Anger as brakes put on bicycle share plan

CYCLISTS have criticised a decision by council bosses to put the brakes on a bike share scheme based on those in Paris and Barcelona.

The initiative, which had been a crucial element of the Capital's plans for reducing car use, is now expected to be dramatically scaled back.

However, council sources today insisted the scheme was not yet a "dead duck", adding that discussions were under way with potential advertisers who could help fund the project.

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Edinburgh is the only UK city to have signed up to the Charter of Brussels, a commitment to cycling which would see bikes account for 15 per cent of all journeys in Edinburgh by 2020.

In contrast, London, which has recently unveiled its own bike-share scheme, has a target of five per cent by 2026.

Chris Hill, who runs the City Cycling Edinburgh blog, said the council was failing in its obligations following its "headline-grabbing" signature of the European charter. He said: "Certainly the council is lukewarm about the whole idea of a bike share scheme. Other schemes have been funded by advertising, but they have not got the sorts of money they had in London or Paris.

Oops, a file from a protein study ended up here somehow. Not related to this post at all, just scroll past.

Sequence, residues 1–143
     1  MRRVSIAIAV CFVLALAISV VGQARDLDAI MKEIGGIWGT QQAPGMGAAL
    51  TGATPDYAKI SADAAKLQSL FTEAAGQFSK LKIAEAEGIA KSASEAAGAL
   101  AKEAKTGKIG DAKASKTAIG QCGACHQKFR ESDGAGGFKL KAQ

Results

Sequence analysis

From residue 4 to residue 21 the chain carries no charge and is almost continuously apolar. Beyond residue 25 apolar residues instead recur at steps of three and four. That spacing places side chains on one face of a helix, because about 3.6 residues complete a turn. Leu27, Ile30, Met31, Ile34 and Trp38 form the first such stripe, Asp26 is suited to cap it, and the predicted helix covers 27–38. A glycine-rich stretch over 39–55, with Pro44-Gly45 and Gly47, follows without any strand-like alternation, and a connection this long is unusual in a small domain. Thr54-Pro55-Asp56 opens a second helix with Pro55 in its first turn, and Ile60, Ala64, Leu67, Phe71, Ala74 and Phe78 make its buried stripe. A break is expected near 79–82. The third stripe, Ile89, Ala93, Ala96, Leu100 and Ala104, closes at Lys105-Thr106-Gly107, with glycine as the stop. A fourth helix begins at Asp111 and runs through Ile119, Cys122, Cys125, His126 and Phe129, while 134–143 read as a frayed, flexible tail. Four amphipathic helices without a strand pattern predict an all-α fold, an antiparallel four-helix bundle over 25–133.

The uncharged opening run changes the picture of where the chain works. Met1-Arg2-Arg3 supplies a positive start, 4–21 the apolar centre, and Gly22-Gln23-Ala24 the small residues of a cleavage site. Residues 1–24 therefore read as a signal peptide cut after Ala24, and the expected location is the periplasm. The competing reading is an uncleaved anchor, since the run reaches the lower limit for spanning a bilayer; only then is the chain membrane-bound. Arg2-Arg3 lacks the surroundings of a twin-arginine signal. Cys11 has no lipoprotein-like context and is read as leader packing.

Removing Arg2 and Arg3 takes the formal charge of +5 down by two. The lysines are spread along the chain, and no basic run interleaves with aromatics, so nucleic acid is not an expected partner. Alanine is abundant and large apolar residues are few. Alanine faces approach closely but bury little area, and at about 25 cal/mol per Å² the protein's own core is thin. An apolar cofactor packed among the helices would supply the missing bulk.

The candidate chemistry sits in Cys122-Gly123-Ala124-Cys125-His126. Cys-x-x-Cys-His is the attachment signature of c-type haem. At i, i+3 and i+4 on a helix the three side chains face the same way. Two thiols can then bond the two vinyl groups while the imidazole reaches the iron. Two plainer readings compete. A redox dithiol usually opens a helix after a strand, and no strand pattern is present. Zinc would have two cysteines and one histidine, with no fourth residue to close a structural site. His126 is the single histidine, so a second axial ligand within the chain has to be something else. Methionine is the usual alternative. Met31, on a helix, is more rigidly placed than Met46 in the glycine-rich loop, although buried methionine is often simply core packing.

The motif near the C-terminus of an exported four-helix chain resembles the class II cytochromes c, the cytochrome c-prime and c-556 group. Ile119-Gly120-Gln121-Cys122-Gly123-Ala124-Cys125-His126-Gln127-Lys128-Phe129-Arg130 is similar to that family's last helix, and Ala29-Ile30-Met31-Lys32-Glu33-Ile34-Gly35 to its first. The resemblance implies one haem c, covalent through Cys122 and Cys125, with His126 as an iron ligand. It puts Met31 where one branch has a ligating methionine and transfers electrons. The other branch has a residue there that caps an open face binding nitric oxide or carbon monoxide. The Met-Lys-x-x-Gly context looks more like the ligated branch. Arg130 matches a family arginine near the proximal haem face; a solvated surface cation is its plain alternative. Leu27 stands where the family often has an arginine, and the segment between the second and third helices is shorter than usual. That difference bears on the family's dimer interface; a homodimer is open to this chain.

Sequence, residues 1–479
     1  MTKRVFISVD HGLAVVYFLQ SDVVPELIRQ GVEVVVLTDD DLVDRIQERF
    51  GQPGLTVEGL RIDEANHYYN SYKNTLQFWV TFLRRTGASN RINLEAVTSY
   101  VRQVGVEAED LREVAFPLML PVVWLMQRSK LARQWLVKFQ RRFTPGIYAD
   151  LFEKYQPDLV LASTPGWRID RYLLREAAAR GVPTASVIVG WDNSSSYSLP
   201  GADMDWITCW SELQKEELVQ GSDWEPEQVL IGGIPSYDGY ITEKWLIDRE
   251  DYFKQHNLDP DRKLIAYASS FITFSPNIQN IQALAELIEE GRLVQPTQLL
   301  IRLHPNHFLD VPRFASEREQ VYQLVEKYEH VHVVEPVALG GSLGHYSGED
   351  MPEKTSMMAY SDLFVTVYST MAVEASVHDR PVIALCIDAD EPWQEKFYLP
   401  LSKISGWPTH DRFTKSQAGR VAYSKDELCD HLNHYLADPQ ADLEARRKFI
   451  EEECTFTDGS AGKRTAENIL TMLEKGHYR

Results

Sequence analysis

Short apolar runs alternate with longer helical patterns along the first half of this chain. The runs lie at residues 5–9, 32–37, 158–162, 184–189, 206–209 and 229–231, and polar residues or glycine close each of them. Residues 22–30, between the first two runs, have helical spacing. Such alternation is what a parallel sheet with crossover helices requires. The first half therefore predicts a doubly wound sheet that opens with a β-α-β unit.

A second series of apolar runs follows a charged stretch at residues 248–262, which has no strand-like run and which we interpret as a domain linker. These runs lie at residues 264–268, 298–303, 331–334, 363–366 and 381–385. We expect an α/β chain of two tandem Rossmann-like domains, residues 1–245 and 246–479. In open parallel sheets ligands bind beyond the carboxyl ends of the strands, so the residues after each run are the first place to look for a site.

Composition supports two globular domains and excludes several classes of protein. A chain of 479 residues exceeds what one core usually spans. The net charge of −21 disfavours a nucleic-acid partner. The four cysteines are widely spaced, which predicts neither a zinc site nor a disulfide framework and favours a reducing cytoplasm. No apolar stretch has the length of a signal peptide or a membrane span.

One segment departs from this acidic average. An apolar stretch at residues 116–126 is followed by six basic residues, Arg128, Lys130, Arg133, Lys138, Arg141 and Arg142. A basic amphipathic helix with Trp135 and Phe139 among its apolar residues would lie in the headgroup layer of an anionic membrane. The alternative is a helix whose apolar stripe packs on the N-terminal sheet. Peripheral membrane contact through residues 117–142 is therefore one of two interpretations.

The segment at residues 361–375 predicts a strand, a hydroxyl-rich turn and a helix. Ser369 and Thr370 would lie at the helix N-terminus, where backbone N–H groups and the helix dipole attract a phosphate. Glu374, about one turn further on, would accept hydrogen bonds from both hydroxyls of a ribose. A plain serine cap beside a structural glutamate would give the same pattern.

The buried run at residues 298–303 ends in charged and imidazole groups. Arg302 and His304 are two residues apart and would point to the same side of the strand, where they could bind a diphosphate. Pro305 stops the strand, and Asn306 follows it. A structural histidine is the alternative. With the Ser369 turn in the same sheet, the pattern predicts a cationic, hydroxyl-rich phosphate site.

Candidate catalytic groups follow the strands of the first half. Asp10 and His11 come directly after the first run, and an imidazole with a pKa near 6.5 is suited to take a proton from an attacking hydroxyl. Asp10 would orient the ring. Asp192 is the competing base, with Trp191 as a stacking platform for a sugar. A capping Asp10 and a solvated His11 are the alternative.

"The reality in Paris is that lots more people are cycling, so it has been a good thing. The council needs to spend a lot more on cycling, but this is symptomatic of how seriously they are taking their responsibility."

It now seems that a city-wide scheme has been dropped in favour of a smaller alternative, with a just a few bikes at one or two locations.

Tory councillor Iain Whyte, who first proposed the scheme after seeing one in operation on a trip to Lyon, said: "This sounds very disappointing when other cities in Europe have managed to do it at little or no cost by using advertising revenues.

"I would still hope there's an opportunity to have a much bigger scheme in the future, with bikes at all of the tram stops."

Tram bosses have already said they intend to allow trials in which cyclists will be able to take their bikes onboard – a UK first. However, the trial will not begin until at least a year after the trams are up and running.

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A council spokesman said: "We remain committed to introducing a bike share scheme in Edinburgh and are exploring a number of options with our private sector partners.

"An update will be included in a wider report on active travel going before the transport committee in September."